Most police officers are familiar with classic simulation scenarios such as a man standing at a door who quickly raises his hands to reveal either a knife, flip phone, wallet, gun or empty palms. In typical training settings, participants are considered successful if they shoot when justified or abstain when not. If it gets too easy, some instructors may add laps around the building or pushups to elevate the student’s heart rate.
This training method is inadequate, and actually it has never been sufficient. Here are three simulator training practices to stop doing immediately and some suggestions on what to do instead.
Problem #1: Failing to have a learning objective
De-escalation, active shooter, homeless encampment and mental health are all general practice areas to train for in simulation, but no matter how realistic or challenging the scenario, none of them provide a learnable action item by themselves. If your agency is required to complete periodic de-escalation training, choosing a random scenario from your favorites folder and selecting the branch to comply when the student says, “Calm down, buddy, drop the knife” is generally useless to the learner. It’s also largely ineffective as a de-escalation tactic, but that’s a topic for another day.
When you give everyone the same scenario, you’re treating everyone as if they had the same skill level and ability. Randomly selecting scenarios also fails to take into account each trainee’s individual cognitive capacity for that moment in time or a metric for assessing their improvement as their learning path continues. Training not designed for the learner, or failing to provide measurable results, is training time wasted.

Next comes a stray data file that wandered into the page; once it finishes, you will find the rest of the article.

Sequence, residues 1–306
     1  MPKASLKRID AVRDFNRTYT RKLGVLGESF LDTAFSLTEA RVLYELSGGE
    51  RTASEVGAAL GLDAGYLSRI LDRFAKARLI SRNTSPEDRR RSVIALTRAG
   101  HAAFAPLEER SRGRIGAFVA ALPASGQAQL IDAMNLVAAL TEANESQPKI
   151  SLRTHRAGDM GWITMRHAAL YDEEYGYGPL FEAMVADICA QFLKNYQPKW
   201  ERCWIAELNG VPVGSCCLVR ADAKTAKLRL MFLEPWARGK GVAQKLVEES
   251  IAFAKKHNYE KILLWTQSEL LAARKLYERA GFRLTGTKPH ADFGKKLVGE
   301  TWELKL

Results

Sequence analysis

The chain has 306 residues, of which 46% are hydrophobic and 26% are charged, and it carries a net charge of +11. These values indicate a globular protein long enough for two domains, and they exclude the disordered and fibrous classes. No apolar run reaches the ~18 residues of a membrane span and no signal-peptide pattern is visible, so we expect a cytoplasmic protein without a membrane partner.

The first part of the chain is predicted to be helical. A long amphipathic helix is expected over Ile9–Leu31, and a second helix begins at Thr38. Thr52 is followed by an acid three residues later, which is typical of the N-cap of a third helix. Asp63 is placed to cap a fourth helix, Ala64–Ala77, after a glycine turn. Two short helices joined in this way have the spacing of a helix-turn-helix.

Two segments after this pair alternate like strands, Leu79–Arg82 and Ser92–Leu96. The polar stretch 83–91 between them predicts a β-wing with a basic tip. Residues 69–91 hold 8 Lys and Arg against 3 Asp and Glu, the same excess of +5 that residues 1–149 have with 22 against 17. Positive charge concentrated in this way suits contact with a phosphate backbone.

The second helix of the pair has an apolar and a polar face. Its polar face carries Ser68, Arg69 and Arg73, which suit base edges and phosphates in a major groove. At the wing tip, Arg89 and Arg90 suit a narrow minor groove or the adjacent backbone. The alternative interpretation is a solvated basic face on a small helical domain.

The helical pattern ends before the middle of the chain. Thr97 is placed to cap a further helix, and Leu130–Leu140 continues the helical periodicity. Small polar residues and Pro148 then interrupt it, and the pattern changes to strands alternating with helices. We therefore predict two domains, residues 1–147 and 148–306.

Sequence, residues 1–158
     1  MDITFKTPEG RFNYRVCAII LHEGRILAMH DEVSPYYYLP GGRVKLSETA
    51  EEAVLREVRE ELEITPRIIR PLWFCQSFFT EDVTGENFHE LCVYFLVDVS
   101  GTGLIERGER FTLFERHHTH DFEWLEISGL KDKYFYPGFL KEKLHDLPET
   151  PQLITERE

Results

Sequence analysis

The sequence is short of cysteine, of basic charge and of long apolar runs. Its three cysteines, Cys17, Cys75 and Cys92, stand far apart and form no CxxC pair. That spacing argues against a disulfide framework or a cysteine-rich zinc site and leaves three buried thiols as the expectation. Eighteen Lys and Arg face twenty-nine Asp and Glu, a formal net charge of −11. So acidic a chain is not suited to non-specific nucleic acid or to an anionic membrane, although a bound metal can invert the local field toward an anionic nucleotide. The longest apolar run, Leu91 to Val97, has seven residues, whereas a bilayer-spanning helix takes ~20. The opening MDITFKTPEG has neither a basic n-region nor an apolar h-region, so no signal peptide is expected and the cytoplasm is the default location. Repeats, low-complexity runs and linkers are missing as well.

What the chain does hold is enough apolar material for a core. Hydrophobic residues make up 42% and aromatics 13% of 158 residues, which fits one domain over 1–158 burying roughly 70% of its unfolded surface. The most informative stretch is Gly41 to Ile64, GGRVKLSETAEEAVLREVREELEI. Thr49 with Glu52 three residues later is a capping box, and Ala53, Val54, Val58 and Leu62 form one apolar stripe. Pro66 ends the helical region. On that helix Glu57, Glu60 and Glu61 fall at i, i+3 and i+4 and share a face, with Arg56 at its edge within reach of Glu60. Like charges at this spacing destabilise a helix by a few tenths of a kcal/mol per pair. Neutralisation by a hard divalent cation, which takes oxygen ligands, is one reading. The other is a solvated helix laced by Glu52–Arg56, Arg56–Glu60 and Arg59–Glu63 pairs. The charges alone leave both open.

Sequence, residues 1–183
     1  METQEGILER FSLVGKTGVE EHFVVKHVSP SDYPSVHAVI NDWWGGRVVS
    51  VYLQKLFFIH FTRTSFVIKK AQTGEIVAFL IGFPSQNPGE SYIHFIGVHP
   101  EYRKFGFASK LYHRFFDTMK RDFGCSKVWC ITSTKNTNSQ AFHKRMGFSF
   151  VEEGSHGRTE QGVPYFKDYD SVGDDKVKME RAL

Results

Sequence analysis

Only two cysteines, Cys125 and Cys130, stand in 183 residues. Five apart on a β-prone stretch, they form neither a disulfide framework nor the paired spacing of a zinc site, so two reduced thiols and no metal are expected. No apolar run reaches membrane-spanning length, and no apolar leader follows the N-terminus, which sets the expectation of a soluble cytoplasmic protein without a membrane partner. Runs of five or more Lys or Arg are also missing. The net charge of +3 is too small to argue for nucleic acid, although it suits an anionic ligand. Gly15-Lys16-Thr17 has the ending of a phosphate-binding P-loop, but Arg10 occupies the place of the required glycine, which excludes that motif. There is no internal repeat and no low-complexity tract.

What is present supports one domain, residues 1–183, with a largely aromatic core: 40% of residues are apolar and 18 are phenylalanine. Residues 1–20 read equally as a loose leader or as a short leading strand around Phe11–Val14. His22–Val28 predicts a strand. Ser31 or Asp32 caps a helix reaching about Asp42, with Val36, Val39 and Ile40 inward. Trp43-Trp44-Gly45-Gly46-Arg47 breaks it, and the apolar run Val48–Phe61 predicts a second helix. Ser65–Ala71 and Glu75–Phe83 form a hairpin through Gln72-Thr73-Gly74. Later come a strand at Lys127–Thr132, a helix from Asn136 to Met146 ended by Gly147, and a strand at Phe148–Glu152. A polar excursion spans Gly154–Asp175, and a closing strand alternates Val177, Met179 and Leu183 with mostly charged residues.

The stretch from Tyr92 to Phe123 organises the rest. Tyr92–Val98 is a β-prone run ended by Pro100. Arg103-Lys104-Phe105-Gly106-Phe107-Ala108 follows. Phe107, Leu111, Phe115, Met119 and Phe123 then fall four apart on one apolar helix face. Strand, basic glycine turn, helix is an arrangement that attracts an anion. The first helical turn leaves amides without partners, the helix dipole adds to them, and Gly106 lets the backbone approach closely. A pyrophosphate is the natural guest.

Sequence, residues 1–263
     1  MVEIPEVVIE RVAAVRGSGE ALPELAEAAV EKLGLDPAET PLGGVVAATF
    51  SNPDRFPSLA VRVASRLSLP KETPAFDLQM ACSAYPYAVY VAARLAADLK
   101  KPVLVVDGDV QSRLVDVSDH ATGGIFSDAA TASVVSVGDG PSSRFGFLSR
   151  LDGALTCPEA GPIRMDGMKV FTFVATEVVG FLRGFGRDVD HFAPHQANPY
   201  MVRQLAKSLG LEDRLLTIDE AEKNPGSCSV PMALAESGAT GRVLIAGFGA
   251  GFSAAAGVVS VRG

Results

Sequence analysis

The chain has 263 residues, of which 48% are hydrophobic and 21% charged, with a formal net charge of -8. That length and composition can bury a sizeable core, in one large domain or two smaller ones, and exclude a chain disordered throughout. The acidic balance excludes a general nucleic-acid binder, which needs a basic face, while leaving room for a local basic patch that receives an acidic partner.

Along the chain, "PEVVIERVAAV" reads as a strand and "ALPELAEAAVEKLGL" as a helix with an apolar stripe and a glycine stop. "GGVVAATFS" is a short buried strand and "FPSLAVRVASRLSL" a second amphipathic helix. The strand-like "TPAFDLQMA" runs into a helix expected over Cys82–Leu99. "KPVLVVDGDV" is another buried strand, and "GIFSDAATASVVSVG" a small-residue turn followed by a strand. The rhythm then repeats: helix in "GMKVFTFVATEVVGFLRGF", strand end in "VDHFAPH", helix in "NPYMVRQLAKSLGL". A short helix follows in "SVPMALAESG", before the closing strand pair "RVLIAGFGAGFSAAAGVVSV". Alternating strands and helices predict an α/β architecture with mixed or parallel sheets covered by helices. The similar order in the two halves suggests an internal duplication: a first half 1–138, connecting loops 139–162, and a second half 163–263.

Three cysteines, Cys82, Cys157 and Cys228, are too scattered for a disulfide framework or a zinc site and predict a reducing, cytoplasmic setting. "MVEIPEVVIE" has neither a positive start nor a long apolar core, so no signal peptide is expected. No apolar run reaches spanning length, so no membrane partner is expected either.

Do this instead: Have a plan before the student enters the training room. Incorporating a classification system to distinguish student capabilities and expectations — such as Bloom’s Taxonomy — is especially helpful in developing structured outlines for novice participants for each topic and a framework or grading rubric for assessing student skill level. Learning objectives for participants should include an action verb that’s observable, with words like recognize, demonstrate, differentiate and implement. For advanced or more experienced trainees, consider incorporating design elements of cognitive load theory to push a student’s capacity for developing long-term knowledge into automated response.
Learning objectives should not be the same for a novice and an expert, so it’s important to make sure your criteria for success is appropriate for the learner in front of you. If the scenario includes responding to an incident at a homeless encampment, a novice may be expected to recall the local resources for food and medical care when asked for help, whereas an experienced officer may be expected to simultaneously know those and recognize signs of neglect or abuse. Additionally, an expert officer may be able to accomplish all this while managing a crowd or communicating a plan to others for removing bystanders who are compounding an already difficult situation. Plan ahead and choose scenarios that meet targeted learning objectives.
Problem #2: Focusing on rapid shoot/no-shoot scenarios
Testing an officer’s ability to react quickly, decisively and appropriately with force is an important part of law enforcement training, but there is much more we can do to prepare officers for the types of calls they will regularly encounter. One valid concern with habitually choosing shoot/no-shoot scenarios is instructors are priming the trainee to anticipate that calls will end rapidly — one way or another. Trainees can quickly develop the habit of anticipating the high likelihood of either a force option requirement or a “gotcha” moment every time they enter the simulator room. As with any behavior, the more this is practiced in training, the more habits are being formed that could translate into the field. As a result, if they encounter a similar scenario in the field, regardless of whether the same force option is justified or not, they are cognitively preloaded with a practiced response from training.